Coish, E. Calvin (1973) A comparison of students enrolled in academic and general programs on attitude toward school, attitude toward self, participation in extra-curricular activities and ratings of students by teachers. Masters thesis, Memorial University of Newfoundland.
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Curricular differentiation as practiced in Newfoundland high schools raises certain questions as to the relative adjustment to various aspects of school life of students in the Academic (Matriculation) group as compared with students in the General (Non-Matriculation) group. The two curricular streams were compared with respect to attitude toward school, attitude toward self, participation in extra-curricular activities, and teacher ratings of student social behavior. -- A review of related literature showed a scarcity of research concerning streaming, particularly in Newfoundland. The available research produced conflicting results concerning the correlates of streaming, thus further questioning the efficacy and necessity of the tracking procedure. -- This post-facto study included Grade 11 students in three Newfoundland rural high schools. Fifty-four students enrolled in the Non-Matriculation program and 125 doing the Matriculation course took part in the study. Data were gathered by means of a semantic differential dealing with attitude toward school and attitude toward self, a questionnaire concerning student participation in extra-curricular activities, and a rating scale on which teachers evaluated student social activity. -- The data obtained were analyzed by a computer program which provided the means, medians, standard deviations and analysis of variance for the Academic group and the General group, males and females, and, in the case of participation in extra-curricular activities, students from the community in which their school was located and students transported into the town. In addition, correlations among different variables for each curricular group, significance of differences between correlations for the two groups, and correlations among three social ratings of students by teachers were calculated. -- Analysis of the data revealed that the Academic group received significantly higher mean teacher ratings and took part in significantly more non-sports activities than did the General group. No other significant differences were noted between the two curricular streams. It was also found that, in the total sample and within both curricular groups, females participated in significantly more non-sports activities than did males. When transported students were compared with non-transported students, no significant differences were found between the participation scores of the two groups. In the Academic group, females received significantly higher mean teacher ratings than did male students. A much larger percentage of significant correlations between variables was discovered for the Academic group than for the General group. Over 75% of the correlations between different teacher ratings of student social behavior were statistically significant. -- From the findings came conclusions and implications concerning the placement of students in Academic and General classes. It was concluded that the expressed attitudes of students presented no apparent cause for alarm concerning streaming procedures. However, when a student participation in extra-curricular activities as expressed by the student and judged by the teachers was considered, reservations about curricular differentiation were raised. -- Recommendations to school personnel included the suggestion of a thorough reassessment of streaming procedures and an enrichment of extra-curricular activities programs in Newfoundland high schools. Possibilities for further study are: investigation of various aspects of student adjustment in Grades 9 to 11; comparative follow-up studies of students in the two curricular groups after graduation from high school; studies of student aspirations as related to the program in which a student is enrolled; and comparative studies of the correlates and effects of streaming as opposed to non-streaming in Newfoundland high schools.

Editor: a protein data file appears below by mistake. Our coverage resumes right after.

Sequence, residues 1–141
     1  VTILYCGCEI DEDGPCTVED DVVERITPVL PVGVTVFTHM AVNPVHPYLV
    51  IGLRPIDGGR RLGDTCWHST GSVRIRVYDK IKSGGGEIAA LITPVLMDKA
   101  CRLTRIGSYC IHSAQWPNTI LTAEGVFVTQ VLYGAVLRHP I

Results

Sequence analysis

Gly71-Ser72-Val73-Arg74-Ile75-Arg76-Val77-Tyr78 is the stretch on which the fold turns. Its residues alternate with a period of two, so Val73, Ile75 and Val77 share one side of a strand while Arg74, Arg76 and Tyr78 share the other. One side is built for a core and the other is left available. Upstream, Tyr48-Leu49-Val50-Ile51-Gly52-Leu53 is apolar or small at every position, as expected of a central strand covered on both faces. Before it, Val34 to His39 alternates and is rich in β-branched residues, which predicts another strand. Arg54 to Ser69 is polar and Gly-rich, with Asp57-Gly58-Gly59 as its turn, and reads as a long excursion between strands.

|Item Type:||Thesis (Masters)|
|Additional Information:||Bibliography: leaves 98-104.|
|Department(s):||Education, Faculty of|
|Geographic Location:||Canada--Newfoundland and Labrador|
|Library of Congress Subject Heading:||Students--Attitudes; Ability grouping in education|
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